What you need to know:
- The World Bank is wasting time where there really is no dispute.
The World Bank has a problem. Actually, two problems. One, it cannot distinguish between a Uganda carrying on like a medieval village and a Uganda pretending to be a 21st Century nation. Secondly, the World Bank probably assumes that some Ugandans believed President Museveni’s recent claim that Uganda had attained middle income status; hence a need to set the record straight.
READ- Middle income:World Bank sticks by its data
The Bank is wasting time where there really is no dispute. What you have are two camps of Ugandans essentially having fun.
The first camp does not believe Museveni’s ‘middle income’ claim, and it is relieving some of its stress in these hard times by arguing why Uganda is still crawling in low income dust.
The second camp also does not believe Museveni’s claim. But this camp includes fanatical ruling party members, civil servants in ‘sensitive’ positions, and all sorts of special beneficiaries under Museveni’s rule.
These people feel an obligation to argue with all their might to demonstrate that Museveni’s claim was correct. They are the cerebral equivalents of bodyguards. They lay down their brains to save the President.
I have heard Finance minister Matia Kasaija argue (on Simba Radio) that the World Bank cannot have more accurate figures than Uganda’s institutions.
On CBS, I have heard one RDC Burora arguing that: Uganda has very many people below the working age. If you remove these people from the statistics (presumably without executing them!) a middle income figure per capita will appear. It was something like that.
FIND ARTICLE-Middle-income status? Thanks but we’re dirt poor
Anyone can see that Kasaija and Burora were just having fun, fighting tooth and nail, but also amusing themselves and entertaining their audiences. You can only get angry with them if you also sometimes get angry with dolls.
In a nutshell, once everybody agrees that Uganda has not yet entered the middle income bracket, the debate about President Museveni’s claim is the gap between a medieval slave-and-master mindset and the 21st century.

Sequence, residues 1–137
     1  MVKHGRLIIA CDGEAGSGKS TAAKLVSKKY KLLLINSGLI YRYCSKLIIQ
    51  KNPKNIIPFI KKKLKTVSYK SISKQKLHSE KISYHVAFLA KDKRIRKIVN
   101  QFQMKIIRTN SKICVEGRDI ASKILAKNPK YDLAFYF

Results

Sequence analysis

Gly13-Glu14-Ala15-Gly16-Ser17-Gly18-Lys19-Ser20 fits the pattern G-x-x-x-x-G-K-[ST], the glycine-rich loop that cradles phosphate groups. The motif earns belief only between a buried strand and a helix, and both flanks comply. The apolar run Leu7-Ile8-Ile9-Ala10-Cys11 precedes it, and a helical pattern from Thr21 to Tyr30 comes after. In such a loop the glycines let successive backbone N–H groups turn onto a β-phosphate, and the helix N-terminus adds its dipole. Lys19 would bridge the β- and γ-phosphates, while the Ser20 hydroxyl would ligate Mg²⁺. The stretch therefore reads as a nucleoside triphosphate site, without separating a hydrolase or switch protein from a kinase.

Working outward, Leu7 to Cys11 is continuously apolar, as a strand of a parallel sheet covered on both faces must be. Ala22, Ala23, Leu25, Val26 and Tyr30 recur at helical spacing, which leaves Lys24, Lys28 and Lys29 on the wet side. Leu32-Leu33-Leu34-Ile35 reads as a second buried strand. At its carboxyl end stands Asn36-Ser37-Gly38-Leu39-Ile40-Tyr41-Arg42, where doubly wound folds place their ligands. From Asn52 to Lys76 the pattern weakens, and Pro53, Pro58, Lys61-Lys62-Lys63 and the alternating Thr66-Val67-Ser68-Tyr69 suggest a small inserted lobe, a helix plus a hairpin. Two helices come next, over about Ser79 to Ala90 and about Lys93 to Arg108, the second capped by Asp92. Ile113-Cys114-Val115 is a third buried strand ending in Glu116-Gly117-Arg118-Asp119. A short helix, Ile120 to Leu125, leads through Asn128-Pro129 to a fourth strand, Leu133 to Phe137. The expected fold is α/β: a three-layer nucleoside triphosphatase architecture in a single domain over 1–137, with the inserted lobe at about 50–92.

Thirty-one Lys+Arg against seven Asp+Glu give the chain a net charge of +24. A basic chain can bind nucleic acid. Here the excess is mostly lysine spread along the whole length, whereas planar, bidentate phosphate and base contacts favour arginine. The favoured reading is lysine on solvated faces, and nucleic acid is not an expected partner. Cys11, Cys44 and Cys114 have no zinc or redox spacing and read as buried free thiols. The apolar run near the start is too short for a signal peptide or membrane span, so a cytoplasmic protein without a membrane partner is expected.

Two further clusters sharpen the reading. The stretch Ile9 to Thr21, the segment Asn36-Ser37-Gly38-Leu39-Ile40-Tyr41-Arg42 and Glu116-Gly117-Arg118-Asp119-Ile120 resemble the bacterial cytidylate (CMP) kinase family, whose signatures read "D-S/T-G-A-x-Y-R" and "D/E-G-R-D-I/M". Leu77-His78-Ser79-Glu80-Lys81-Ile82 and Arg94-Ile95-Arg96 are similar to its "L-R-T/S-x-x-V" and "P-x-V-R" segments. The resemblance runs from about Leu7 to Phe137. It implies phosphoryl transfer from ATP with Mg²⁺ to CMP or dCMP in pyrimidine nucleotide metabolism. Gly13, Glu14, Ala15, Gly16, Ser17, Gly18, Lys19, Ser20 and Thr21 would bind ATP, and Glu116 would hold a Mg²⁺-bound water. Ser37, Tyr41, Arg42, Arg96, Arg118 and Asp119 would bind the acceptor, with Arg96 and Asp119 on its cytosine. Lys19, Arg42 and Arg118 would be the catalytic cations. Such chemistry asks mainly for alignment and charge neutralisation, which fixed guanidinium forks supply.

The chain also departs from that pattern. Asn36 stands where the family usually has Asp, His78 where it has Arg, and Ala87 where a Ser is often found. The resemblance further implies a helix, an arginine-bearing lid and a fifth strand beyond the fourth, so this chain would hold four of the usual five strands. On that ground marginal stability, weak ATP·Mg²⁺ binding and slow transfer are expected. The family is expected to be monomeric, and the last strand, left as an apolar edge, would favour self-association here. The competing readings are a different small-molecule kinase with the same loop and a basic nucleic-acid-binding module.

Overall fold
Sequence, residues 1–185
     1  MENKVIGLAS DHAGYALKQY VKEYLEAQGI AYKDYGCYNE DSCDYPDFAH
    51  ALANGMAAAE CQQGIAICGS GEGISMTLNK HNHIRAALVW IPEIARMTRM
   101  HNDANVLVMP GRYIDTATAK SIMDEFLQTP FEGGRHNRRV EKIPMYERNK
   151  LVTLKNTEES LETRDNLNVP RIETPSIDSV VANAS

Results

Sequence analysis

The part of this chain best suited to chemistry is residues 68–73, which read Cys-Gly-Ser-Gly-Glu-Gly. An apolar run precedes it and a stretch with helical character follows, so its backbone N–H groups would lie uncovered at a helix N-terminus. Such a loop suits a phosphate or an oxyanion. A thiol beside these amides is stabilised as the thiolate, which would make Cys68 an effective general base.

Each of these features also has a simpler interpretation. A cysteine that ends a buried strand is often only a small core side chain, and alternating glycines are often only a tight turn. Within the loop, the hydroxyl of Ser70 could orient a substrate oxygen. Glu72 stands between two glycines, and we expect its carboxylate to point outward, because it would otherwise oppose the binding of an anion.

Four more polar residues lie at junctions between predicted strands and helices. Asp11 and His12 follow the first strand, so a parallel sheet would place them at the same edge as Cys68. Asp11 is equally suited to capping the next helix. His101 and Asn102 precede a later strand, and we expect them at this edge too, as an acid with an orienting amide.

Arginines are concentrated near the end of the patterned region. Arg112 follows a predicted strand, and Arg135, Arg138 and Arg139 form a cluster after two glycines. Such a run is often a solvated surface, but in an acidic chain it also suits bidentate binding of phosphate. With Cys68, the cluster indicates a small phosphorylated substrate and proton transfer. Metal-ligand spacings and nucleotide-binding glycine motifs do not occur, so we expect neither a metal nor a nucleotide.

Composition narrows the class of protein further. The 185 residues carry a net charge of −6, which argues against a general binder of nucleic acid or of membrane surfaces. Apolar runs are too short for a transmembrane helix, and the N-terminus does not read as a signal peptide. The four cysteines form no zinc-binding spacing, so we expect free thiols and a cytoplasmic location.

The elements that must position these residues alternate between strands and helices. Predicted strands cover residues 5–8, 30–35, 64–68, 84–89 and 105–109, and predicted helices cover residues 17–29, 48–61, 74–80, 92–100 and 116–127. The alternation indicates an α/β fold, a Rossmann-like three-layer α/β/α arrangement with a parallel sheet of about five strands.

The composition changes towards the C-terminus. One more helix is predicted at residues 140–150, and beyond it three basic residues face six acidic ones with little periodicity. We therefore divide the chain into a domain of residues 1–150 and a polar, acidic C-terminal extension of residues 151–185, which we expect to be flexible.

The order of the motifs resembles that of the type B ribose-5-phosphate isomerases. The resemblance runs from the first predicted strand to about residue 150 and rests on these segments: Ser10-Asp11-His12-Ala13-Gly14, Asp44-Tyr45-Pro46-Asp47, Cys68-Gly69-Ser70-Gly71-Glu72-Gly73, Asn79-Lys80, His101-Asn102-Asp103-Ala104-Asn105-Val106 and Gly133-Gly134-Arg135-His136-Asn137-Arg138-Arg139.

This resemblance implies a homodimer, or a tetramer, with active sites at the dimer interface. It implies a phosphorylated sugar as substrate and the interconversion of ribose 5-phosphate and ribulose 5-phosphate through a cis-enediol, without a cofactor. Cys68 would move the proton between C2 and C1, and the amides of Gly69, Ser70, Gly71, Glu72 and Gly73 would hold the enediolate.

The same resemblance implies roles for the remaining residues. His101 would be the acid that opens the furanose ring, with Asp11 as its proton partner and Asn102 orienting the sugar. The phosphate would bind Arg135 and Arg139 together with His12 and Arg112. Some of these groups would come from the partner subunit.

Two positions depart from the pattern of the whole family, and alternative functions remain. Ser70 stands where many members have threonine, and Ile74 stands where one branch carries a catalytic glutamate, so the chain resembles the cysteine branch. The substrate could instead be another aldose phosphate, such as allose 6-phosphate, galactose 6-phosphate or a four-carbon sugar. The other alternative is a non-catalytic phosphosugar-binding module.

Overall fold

Having said that, we cannot wish away the World Bank’s lugezigezi, or their kajanja. Therefore, being a sovereign nation, why don’t we invent a balloon of economic muscle: something really big, armed with which the World Bank or any other foreign pest just cannot harass us with alternative accounts and win?
Make Idi Amin our mentor; his ghost. When Ugandan boxers complained that foreign referees did not judge their ring performances fairly, Amin told them to defeat their adversaries by knockout. Why not knock out poverty?
With a minister hauling in more than Shs30m a month, and our army generals at Shs15m so all of them can now have serious birthday parties, what is the magic about this miserable lower middle income number of $1,086 per annum that the World Bank is croaking about? Double it!
Set up an Independent Middle Income Commission. Select one of our trusted cadres from the Electoral Commission to head it. Rally our boys and girls who collect data for Ubos. Declare our population 20 million. Appoint another cadre like Burora as Bank of Uganda Governor. Kick Finance ministry software wizards and data inventors into battle gear. Do you understand? Create independent statistics that return an income per capita of $2,172. The medieval village and the modern State will thus be reconciled.
Finally, return to barter trade with friendly countries such as Cuba and Iran and make nonsensical the World Bank’s nose-poking into our foreign exchange earnings. If you hear the Bank croaking again, I swear, I will not be me.
Mr Alan Tacca is a novelist, socio-political commentator.